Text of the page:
What’s the point of asking? A review of the reliability of self-reported measures of sexual behaviour

This event is co-organised with City, University of London and the European Social Survey
  • Event time:
    10th April 2024 13:00 – 14:00
  • Format:

In this survey methods webinar, independent researcher Ignacio Franco Vega will review the reliability of self-reported measures of sexual behaviour. The presentation will cover reliability in general, how it is measured, the subtleties involved in using biological markers and the consequences that unreliable results might have in research and policy. Self-reported measures are the primary source of information to study sexual behaviour.

However, they present various issues that can potentially bias the results of our research (e.g., social desirability, recall errors, inadequate question and answer structures). This study aims to establish the size of such bias.

Ignacio Franco Vega conducted a rapid review to identify studies that assessed the reliability of self-reported measures. This focused on studies that contrast self-reported condom use with biological markers of semen exposure. The investigation reviewed 33 studies with contrasting self-reported measures and biomarkers (Prostate-specific antigen and Y-chromosome DNA). Studies were conducted worldwide, but most focused on at-risk groups in sub-Saharan Africa. All studies showed substantial inconsistencies between the two sources. Discrepancies range between 9% to 70% of participants.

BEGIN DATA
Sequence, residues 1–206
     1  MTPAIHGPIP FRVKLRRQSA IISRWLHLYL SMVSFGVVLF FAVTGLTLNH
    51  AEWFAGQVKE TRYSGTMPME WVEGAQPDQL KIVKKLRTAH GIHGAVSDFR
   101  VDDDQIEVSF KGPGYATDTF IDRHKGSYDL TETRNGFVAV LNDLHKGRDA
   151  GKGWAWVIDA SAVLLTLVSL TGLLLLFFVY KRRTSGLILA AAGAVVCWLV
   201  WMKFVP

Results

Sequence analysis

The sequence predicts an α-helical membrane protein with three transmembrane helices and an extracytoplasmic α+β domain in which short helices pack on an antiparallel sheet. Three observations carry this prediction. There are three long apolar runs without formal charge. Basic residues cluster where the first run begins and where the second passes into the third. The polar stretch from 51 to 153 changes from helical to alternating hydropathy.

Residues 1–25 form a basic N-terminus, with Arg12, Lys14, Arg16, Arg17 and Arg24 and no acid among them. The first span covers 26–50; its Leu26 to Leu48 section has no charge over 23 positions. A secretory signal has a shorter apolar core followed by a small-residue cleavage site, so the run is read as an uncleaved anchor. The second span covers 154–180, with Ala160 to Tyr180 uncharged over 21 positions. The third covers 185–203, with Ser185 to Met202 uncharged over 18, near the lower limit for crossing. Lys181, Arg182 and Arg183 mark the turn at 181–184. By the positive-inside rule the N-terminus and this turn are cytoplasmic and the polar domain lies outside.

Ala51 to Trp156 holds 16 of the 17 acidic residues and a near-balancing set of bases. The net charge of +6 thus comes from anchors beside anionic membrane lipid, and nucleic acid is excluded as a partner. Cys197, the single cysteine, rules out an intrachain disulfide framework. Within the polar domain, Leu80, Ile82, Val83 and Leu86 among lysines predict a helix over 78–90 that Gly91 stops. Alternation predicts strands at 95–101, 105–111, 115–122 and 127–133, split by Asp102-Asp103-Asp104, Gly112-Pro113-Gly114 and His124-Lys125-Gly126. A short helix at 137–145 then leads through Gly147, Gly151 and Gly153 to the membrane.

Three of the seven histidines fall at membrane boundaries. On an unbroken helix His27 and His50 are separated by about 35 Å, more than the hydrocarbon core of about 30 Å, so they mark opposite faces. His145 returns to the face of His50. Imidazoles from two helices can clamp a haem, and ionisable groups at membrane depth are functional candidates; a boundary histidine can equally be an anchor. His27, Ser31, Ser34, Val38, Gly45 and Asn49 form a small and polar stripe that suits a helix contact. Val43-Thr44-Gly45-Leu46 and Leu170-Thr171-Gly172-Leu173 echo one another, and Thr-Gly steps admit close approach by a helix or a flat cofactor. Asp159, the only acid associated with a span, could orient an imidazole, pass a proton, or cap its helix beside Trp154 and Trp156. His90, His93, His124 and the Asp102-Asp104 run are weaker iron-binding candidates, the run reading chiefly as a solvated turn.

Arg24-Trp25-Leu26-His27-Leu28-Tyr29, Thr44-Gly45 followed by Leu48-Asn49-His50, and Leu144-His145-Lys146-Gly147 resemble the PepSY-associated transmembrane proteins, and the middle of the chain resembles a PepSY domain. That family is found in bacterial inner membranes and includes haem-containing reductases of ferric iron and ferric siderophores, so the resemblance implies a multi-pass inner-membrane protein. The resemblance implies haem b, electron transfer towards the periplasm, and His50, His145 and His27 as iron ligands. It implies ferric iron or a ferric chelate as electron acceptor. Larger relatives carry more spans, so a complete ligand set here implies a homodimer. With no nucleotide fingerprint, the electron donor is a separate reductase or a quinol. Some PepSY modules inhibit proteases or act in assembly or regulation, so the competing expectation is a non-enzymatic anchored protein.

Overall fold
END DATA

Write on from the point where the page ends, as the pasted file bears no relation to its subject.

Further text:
However, there are concerns about the validity of the PSA and YcDNA as a biomarker of semen exposure. Several confounding factors might create both false positives and negatives, including the estimated rate of biomarker decay, endogenous presence of PSA in women and non-standardised thresholds for a positive result.

The study found that self-reported measures of condom use are unreliable; scientists and policymakers should be cautious when concluding anything from them. Biomarkers, albeit useful, are far from being a perfect measure.



  • Ignacio Franco Vega
    Social researcher
    Ignacio Franco Vega is a mixed-methods social researcher interested in evidence-based interventions and methodological innovation. He did an MSc in Social Research Methods at LSE and has a PhD in Social and Policy Sciences from the University of Bath; his thesis used a multi-method approach to identify the best way to promote condom use in love hotels in Lima, Perú. He has been working for thirteen years as an independent consultant, helping to design or assess policies on topics ranging from education and health to equality and inclusion. He has been responsible for the research design, data collection, and analysis of multiple projects involving the WHO, British Council, Advance HE, and the Office for Students.